Our programmes range from developing better plastics to understanding the illegal wildlife trade, and from accelerating the adoption of renewable energy to better management of the high seas. Conserving the natural systems on which all human life depends requires action on many fronts, and we provide new understanding, insights and ideas to ensure that solutions to pressing environmental challenges can be found.
- Biodiversity and Society
- Carbon Investment
- Climate Partnership
- Climate Pollutants
- Dryland Bioenergy
- Food Sustainability Analytics
- Future of Cooling
- Future of Plastics
- Monitoring Ocean Ecosystems
- Natural Governance
- Nature-based Solutions
- Net Zero Recovery
- Planetary Health
- Post-Carbon Transition
- Renewable Energy
- Sustainable Oceans
- Transboundary Resource Management
- Wildlife Trade
New programme launched to reshape our approach to tackling biodiversity loss
The accelerating loss of biodiversity is rapidly becoming acknowledged as one of the major threats facing humanity in the next decade, just as its significance to our health, wealth and well-being is becoming better understood.
Solving the ‘chicken and egg’ problem of Electric Vehicles in Africa
Electric vehicles could have a transformative effect on health, carbon emissions and consumer costs in Sub Saharan Africa, but governments must solve the problem of investment in infrastructure and vehicles.
Professor Charlotte Williams elected to Royal Society
Professor Charlotte Williams, Lead Researcher on the Oxford Martin Programme on the Future of Plastics, is among six University of Oxford Academics to have joined the Royal Society as Fellows.
Four new initiatives launched to support ‘Building Back Better’ from COVID-19
The Oxford Martin School has launched four new solutions-focused research initiatives, designed to make an immediate difference in helping the world ‘build back better’ from the COVID-19 pandemic.
‘The Economics of Biodiversity’ addressed in online event series
Following on from the Dasgupta Review, the Oxford Martin School is hosting a new series of online events on the ‘Economics of Biodiversity’, beginning on 6th May with a discussion with the report’s author, Professor Sir Partha Dasgupta.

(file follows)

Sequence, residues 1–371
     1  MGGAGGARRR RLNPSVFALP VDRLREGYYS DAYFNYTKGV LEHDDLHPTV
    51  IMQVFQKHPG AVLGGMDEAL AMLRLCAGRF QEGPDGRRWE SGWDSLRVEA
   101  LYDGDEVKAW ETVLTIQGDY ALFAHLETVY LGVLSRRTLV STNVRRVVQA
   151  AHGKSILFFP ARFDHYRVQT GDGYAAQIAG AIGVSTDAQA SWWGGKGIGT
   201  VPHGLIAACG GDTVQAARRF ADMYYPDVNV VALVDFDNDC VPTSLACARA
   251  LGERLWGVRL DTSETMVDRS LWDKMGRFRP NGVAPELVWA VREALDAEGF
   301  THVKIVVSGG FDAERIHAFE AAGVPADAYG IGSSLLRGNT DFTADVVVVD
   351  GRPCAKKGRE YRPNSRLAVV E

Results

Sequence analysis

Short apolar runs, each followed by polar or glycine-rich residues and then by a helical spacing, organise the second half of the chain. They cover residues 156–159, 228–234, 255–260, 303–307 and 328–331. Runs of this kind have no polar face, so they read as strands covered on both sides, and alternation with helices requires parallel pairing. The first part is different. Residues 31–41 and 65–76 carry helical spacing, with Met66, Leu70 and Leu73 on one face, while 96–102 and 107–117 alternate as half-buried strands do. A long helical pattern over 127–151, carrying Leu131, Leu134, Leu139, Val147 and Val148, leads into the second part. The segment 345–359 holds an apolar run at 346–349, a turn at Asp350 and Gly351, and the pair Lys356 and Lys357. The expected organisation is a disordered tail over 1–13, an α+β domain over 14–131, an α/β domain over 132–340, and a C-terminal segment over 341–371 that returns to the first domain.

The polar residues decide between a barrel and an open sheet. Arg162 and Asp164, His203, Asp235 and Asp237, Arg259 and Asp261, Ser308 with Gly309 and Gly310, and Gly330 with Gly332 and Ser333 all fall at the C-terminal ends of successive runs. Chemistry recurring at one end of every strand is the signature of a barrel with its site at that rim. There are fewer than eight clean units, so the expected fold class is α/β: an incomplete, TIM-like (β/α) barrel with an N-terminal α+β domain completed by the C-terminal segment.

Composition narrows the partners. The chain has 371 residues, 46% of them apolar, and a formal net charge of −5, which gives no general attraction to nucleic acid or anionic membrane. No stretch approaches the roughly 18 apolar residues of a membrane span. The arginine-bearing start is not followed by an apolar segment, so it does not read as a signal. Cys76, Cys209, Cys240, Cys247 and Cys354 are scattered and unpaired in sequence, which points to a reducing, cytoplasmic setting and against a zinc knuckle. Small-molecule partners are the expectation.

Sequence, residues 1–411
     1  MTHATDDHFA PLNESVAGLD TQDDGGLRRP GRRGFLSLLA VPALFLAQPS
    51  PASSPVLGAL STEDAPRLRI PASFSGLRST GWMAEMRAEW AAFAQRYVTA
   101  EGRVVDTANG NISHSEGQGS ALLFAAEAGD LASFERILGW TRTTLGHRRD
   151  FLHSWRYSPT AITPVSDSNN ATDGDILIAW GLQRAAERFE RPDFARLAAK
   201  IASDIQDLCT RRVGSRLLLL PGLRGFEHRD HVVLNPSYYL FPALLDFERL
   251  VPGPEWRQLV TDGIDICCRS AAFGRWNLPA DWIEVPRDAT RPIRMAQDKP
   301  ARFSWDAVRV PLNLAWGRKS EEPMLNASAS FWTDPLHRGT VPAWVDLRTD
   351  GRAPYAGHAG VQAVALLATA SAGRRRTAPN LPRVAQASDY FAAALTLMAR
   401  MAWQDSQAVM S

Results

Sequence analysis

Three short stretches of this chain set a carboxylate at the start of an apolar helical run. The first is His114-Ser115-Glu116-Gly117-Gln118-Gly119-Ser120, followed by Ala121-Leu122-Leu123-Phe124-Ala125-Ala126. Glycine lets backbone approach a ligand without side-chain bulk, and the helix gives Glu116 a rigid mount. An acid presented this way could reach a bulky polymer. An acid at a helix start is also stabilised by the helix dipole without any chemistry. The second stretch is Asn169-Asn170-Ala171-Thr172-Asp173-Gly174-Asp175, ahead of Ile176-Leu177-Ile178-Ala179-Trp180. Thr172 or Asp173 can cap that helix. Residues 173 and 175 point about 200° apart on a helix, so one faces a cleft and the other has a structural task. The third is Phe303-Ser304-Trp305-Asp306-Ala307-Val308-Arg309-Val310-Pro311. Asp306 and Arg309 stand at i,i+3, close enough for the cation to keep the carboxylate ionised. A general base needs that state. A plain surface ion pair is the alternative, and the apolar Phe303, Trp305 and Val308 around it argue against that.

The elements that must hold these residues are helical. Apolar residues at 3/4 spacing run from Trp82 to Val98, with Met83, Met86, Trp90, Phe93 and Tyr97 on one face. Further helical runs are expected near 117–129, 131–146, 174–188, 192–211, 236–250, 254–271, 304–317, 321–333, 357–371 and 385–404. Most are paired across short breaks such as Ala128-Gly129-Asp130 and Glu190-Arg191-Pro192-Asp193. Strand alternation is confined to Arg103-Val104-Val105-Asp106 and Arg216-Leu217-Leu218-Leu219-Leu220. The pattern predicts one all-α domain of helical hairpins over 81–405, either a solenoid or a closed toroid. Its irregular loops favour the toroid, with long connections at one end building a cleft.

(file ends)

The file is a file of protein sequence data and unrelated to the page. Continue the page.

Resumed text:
Planning and adaptive thinking needed to navigate renewable energy network investment
One of the challenges facing Ofgem as regulator, in planning for integration of renewable energy sources into our energy supply, is determining how much network investment to allow, given the uncertainty around the pace and direction of energy transition.
Climate change imperils countries’ ability to repay COVID debts
Most governments’ borrowing during the pandemic pays scant attention to the effects that climate change could have on their ability to repay the debt, researchers at Oxford University find.
Carbon Brief Guest Post: Ten ways to use CO2 and how they compare
Dr Ella Adlen, research and programmes manager at the Oxford Martin School and Professor Cameron Hepburn, director of the Smith School of Enterprise and Environment look at what CO2 utilisation is, how it might relate to CO2 removals and emission reductions, and whether such technologies are profitable or scalable.
They compare the potential scale and cost of ten different CO2 utilisation pathways. Concluding that overall, CO2 utilisation has the potential to operate at large scale and at low cost, meaning it could be big business in the future.
The article is based on the Nature paper led by Dr Adlen and Professor Hepburn entitled 'The technological and economic prospects for CO2 utilization and removal'.
Prof Nathalie Seddon & Prof Cameron Hepburn in conversation: 'Evaluating and investing in Nature-based Solutions'
17th June 2021: 12:30pm
Attribution science and climate litigation: joining science and the law to protect human rights from climate change
30th June 2021: 9:00am
LEAP Conference 2021
6th December 2021: 10:30am
Acting Director, Environmental Change Institute, Oxford
Professor of Ecosystem Science
Professor of Geosystem Science
Professor of Climate and Environmental Risks
Associate Professor in the School of Geography and the Environment
Tasso Leventis Professor of Biodiversity